To some extent, Weinstein is not wrong. However, the technicians are proven wrong, when they forget to mention at all one of the works of the economists on one of the rules of the technical analysis. They get out of this dead end by affirming, like Weinstein, that the technical analysis is more about art than science. Their position is to say that you can make a fortune with the Stock Exchange by being right only half of the time, or even once out of three times, considering that you let the profits run and that you cut your losses quickly. The position of the scientist is to say that a method which does not work more than once out of two times is not valid.

   Thus, the two sides have different criteria to judge a method: the scientist will say that it is valid if it succeeds at least more than once out of two, the technical analyst will say that it is not necessary that a method succeeds more than once out of two and that it is acceptable and useful as long as it brings back enough money to who follows it.

   The prices trend

   The fourth proposal of the technical analysis common doctrines is the most significant. As Martin Pring, author of Technical Analysis Explained, explains, the objective of the technical analysis is to determine the changes or the reversals in the stock prices, thanks in particular to indicators and simple mathematical ratios on the state and the economic situation of the markets. The markets evolve in trends, in a given direction, either upwards, or downwards; sometimes flat, as if the market has taken a pause and that the investors have entered in a phase of indecisiveness.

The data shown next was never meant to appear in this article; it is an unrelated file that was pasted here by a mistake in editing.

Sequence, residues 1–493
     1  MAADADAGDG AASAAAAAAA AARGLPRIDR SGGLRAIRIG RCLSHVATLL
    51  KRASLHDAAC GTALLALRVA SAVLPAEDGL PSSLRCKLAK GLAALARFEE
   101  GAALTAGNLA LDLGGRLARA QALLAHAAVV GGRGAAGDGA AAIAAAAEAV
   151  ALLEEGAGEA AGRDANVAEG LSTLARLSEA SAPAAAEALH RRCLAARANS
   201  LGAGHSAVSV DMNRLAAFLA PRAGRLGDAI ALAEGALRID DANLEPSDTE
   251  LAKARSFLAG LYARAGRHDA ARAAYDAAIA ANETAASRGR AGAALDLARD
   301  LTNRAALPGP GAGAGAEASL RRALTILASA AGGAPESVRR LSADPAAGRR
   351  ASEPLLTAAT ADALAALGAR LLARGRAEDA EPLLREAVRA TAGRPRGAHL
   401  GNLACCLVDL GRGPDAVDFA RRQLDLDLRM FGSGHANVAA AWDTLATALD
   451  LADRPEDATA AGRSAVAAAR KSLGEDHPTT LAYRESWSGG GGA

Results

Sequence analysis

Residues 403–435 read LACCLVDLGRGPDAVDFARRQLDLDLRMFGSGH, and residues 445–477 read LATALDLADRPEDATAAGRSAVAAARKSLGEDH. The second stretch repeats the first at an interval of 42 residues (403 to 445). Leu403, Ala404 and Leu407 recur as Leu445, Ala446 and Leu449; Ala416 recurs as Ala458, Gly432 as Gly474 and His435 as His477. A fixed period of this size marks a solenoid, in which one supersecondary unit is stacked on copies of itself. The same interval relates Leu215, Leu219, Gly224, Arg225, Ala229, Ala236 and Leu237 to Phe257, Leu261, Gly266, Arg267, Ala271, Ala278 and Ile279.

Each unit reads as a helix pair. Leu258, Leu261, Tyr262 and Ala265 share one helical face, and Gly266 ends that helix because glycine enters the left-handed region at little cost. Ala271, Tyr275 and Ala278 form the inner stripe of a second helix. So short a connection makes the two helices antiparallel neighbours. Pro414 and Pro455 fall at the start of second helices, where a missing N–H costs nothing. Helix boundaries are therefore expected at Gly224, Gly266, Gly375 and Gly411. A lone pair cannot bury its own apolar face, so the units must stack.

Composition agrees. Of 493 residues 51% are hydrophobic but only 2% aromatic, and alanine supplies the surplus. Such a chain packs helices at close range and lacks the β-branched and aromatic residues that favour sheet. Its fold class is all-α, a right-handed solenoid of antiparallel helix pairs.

These intermediate periods have their importance for certain technicians, because, as soon as the market takes a clearer direction, with upwards or downwards, it is possible to take position in order to take the train on time. It is all about the art, the difficult one, of the technical analysis.



Technical Analysis of Stock Trends


Edwards, Robert D.; Magee, John; Bassetti, W.h.c.

Special Price
US$ 59.82
in our bookstore



Technical Analysis Explained


Pring, Martin J.

Special Price
US$ 29.57
in our bookstore


   André Gosselin